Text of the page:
farmers belgium
© HERWIG VERGULT/AFP via GETTY IMAGESKurt Zindulka
Farmers in northern Belgium attempted to break into the town hall of Hoogstraten after staging a mass protest in response to the government's EU-driven agenda to cut nitrogen emissions, as is being attempted in the Netherlands.

The European Union's Natura 2000 network, which mandates that the 27 member states must protect designated habitats in a "sustainable manner, both ecologically and economically," and therefore must cut nitrogen emissions — spurring widespread unrest among the Dutch Farmers — has now spread to the heart of the EU in Belgium, with farmers driving their tractors to the centre of Hoogstraten on Monday evening.

The protesters, who set fires on the street and attempted to stage a break-in of the city hall, were reportedly angered by the local government expressing support for the national government's plan to impose limits on nitrogen, a move that would disproportionately impact the farming industry, the local Het Laatste Nieuws newspaper reported.


Before imposing the restrictions, the national government requested advice from municipalities. While nearly every other local council submitted a negative view of the plans in the agricultural region, the local government of Hoogstraten submitted positive advice, despite the fact that a public survey had resulted in 373 objections compared to just 24 positive comments on the plan.

The failure to listen to the public sparked outrage amongst the farmers, who drove their tractors to the town centre, blockading the town hall and eventually attempting to break into the government building, though police ultimately prevented such action.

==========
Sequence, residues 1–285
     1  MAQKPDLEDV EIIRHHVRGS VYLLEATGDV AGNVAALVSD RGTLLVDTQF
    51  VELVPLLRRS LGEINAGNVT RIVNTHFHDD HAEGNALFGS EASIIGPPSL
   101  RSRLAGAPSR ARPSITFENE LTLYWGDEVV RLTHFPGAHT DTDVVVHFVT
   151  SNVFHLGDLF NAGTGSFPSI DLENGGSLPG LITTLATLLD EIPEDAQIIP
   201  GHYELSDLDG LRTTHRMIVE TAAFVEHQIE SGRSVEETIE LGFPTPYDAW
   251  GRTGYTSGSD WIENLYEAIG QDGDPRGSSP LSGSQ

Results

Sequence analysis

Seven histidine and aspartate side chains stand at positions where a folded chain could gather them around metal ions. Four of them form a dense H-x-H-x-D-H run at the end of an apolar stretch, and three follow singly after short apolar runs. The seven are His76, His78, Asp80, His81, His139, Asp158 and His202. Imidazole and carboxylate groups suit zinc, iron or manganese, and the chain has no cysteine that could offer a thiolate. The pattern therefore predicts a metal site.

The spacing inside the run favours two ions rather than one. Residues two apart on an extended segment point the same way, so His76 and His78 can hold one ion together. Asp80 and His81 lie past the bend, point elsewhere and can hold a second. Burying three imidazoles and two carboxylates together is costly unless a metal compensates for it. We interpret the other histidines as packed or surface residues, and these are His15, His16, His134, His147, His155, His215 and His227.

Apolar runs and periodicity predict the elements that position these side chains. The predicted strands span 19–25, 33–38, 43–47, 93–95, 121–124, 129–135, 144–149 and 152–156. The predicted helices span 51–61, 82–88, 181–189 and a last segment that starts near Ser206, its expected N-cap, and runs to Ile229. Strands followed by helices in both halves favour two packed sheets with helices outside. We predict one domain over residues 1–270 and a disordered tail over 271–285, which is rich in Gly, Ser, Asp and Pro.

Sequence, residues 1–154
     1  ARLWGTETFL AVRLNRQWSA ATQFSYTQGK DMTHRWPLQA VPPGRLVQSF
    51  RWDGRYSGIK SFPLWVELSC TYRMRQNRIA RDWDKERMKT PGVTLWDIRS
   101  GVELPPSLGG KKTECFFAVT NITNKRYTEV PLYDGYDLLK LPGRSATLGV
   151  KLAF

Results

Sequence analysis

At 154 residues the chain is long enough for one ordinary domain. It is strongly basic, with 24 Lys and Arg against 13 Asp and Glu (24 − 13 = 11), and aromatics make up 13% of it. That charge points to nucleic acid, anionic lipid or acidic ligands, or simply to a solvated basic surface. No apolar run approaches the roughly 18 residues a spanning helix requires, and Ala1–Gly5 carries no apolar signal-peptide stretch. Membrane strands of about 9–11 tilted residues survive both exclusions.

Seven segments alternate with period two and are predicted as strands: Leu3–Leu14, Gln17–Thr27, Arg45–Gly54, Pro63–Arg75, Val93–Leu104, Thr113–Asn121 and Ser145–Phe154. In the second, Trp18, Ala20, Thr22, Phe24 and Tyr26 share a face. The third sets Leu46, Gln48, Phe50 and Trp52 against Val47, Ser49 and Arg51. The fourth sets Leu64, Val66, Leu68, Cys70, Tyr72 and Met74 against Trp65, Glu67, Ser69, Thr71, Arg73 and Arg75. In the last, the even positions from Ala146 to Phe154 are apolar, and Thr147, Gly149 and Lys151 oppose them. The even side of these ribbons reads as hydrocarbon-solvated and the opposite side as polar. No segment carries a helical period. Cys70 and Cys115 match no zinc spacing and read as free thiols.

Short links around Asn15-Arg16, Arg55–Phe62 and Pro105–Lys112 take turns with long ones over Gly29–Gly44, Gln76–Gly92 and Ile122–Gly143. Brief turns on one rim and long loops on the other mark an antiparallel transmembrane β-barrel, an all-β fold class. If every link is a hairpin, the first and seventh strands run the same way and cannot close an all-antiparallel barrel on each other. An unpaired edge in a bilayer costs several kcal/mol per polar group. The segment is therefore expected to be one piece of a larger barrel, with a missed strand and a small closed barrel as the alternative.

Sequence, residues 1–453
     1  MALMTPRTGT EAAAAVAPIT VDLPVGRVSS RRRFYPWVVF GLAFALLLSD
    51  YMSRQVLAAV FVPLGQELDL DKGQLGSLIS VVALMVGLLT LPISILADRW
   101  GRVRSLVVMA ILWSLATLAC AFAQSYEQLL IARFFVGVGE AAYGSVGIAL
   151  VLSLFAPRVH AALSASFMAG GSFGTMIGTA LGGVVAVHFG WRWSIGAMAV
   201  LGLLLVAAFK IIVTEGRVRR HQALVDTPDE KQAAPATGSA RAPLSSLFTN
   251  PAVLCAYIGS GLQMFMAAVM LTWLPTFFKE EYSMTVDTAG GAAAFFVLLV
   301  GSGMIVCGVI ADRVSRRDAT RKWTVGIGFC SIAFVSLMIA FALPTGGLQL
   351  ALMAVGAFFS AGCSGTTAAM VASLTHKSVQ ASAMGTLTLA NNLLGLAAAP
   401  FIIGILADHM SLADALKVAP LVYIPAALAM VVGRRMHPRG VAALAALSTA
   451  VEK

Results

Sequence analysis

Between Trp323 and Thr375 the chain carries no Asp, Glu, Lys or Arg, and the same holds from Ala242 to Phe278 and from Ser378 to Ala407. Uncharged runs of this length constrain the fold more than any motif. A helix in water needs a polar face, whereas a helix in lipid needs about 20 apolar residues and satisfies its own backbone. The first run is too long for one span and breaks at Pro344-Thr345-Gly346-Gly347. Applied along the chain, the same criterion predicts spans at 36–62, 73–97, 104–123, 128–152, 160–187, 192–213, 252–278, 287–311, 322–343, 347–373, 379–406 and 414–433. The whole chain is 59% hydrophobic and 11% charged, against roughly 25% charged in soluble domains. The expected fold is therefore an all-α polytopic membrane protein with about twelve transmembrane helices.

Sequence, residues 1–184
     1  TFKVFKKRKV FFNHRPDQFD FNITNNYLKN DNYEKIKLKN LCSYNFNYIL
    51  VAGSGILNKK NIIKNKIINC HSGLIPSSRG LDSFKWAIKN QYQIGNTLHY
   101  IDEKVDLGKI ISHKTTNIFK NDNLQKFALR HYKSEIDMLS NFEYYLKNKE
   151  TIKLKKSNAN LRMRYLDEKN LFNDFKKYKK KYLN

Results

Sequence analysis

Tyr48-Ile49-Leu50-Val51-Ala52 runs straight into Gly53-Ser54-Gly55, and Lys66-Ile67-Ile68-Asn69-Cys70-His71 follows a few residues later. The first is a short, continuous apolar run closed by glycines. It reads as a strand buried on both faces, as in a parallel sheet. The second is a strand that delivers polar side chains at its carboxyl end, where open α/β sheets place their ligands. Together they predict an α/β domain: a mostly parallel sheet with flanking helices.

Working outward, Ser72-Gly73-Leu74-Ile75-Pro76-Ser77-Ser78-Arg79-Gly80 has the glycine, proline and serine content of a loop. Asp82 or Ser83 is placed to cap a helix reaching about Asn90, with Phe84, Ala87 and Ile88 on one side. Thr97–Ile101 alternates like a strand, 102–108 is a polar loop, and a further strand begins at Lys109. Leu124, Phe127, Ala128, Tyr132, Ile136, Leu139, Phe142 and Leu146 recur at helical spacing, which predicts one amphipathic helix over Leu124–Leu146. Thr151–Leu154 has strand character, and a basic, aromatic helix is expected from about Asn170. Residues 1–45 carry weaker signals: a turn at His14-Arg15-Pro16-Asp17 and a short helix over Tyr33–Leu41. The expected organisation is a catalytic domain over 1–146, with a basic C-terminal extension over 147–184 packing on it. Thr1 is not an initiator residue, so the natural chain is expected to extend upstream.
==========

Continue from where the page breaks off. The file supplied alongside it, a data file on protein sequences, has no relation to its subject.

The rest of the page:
The protest in Belgium follows months of demonstrations in the Netherlands, where the Dutch farmers have risen up against the government of globalist PM Mark Rutte attempting to usher in similar measures, which could shut down as much as 30 per cent of all livestock farms in the nation.

The Dutch farmers have claimed that other nations within the European Union have not imposed such draconian measures to allegedly protect habitats and therefore their government is putting them at a disadvantage.


Comment: It seems that Holland was just the first to be grievously attacked, and that might be because some of its farmland is the most valuable, and because other methods are being trialled in other countries, such as simply paying farmers to retire early and for the land to go 'wild'.


Agriculture plays a vital role in the Dutch economy, with the LTO national farming lobbying group estimating the industry accounts for 54,000 businesses throughout the country and produced 94.5 billion euros in exports in 2019. The Netherlands is also the largest exporter of meat in Europe and the fifth-largest dairy exporter globally.

Speaking to Breitbart News in July, Dutch political commentator Eva Vlaardingerbroek claimed that the move from the Rutte government was nothing more than a "pilot" programme of the Great Reset agenda through governments reclaiming power and property from the public.
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